Do Better

My mom sent me a Facebook message tonight: Write on your blog!
My absence on a certain social media must be getting to her.

It’s been a minute; a lot of things happen in a minute. It was April one day then it was August. I was depressed as hell in the Spring and now I’m doing better. Even with my sharp memory for sequence of events, there are only a few years I remember beginning to end. 2020 has been one of those years, like 2001 was including the months leading up to and after September 11th. Those whole damn years were brimming with depression, change and realization. If I knew more about the cosmos, I’d attribute it to that.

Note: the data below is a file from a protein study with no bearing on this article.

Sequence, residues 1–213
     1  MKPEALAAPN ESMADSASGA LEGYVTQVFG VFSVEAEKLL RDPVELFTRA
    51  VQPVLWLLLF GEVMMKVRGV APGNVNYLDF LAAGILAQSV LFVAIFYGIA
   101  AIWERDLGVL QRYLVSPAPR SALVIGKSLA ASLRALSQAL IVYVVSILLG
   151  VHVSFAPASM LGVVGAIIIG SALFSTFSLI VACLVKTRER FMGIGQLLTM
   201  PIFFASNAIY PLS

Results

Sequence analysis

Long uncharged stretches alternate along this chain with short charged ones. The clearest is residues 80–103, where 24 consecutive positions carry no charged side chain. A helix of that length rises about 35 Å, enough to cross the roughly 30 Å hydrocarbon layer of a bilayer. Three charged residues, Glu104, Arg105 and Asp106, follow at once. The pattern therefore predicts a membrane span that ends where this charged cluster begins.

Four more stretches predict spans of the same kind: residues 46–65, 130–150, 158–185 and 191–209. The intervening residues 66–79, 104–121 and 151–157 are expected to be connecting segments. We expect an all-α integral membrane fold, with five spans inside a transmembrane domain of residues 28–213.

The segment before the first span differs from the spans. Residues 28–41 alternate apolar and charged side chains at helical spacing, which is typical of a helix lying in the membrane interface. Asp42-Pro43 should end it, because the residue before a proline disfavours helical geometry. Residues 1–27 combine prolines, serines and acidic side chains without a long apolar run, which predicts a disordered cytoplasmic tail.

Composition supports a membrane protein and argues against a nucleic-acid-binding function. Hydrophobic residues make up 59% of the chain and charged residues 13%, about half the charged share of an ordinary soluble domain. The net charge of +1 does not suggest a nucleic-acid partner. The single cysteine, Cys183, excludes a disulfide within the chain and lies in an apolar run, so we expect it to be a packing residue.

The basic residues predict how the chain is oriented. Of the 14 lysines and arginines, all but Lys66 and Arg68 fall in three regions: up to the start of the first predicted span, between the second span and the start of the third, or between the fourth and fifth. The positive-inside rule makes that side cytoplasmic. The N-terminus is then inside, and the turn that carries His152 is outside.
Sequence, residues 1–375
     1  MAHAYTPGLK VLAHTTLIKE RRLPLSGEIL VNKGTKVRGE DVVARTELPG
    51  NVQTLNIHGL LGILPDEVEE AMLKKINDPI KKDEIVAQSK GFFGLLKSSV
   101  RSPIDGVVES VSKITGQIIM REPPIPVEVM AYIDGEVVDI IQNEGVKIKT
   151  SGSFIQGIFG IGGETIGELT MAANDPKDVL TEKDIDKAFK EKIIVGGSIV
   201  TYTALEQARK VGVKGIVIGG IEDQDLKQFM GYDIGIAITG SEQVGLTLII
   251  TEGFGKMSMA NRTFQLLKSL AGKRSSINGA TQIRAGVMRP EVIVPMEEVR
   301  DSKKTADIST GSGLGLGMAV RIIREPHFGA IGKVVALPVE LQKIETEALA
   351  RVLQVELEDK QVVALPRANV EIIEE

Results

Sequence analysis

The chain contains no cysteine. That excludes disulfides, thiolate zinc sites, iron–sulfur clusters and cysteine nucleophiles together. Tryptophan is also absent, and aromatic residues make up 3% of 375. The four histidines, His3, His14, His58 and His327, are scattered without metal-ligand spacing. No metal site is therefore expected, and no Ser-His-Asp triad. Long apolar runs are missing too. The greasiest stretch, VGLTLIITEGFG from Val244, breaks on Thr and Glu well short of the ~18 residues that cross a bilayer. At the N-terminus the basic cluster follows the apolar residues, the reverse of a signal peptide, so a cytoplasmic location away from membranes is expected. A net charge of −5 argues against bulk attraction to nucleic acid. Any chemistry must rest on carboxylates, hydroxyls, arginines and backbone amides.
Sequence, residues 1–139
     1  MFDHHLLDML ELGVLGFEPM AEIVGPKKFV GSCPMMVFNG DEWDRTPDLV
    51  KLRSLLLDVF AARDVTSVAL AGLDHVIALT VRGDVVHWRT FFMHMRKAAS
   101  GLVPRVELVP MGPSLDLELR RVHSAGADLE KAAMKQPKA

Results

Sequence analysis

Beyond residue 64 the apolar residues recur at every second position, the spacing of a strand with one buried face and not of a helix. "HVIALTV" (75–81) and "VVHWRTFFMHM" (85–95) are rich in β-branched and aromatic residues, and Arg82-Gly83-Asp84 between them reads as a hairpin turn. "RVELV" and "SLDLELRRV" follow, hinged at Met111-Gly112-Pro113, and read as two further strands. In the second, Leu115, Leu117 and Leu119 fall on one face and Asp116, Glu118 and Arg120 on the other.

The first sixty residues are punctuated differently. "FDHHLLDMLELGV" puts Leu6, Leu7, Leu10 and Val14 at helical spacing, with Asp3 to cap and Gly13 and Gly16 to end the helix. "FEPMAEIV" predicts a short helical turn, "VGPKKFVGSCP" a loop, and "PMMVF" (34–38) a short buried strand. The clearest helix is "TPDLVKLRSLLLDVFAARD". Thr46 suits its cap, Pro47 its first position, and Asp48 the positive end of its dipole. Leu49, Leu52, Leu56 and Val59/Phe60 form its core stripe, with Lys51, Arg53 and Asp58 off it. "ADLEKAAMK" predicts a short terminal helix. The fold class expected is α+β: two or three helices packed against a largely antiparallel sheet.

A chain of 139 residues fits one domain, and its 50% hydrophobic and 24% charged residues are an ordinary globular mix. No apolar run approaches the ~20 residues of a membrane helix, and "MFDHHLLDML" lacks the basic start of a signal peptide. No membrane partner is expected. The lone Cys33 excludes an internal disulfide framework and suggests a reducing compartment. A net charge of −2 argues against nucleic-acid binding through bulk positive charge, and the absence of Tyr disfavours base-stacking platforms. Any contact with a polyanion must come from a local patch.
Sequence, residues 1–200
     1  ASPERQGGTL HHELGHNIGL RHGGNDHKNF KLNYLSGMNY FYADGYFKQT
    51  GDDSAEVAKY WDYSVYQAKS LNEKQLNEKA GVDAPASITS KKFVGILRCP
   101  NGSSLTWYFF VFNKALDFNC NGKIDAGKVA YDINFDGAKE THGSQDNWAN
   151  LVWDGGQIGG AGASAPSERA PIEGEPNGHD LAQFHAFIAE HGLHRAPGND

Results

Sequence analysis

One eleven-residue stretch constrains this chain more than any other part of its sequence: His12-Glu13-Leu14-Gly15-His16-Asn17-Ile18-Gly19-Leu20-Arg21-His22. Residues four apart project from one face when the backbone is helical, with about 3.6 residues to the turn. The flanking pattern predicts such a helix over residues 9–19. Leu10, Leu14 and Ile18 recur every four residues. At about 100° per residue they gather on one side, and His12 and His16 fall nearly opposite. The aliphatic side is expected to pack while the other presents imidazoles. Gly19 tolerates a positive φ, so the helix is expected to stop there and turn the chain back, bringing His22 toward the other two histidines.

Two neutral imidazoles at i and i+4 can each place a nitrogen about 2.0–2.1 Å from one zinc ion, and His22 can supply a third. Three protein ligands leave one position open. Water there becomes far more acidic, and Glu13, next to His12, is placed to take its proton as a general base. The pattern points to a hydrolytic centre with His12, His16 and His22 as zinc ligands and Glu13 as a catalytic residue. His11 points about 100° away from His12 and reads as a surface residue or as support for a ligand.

From behind the counter at the bookstore – because I don’t do much else – there has been a lot of observing. First, let me tell you that I kind of detest books about bookstores and stories about writers. That will not be my schtick, but ultimately I do have conversations with folks that attune me to the community around me, and here is what I am hearing: there are a LOT of divorces for people of my age. My mom says, it’s what happens at your age. There are a LOT of exacerbated mental health challenges. There is illness and potential patients who are putting things off. There’s a lot of drinking – no surprise. There is loneliness. There is fear. There are differences of opinion. There is rage.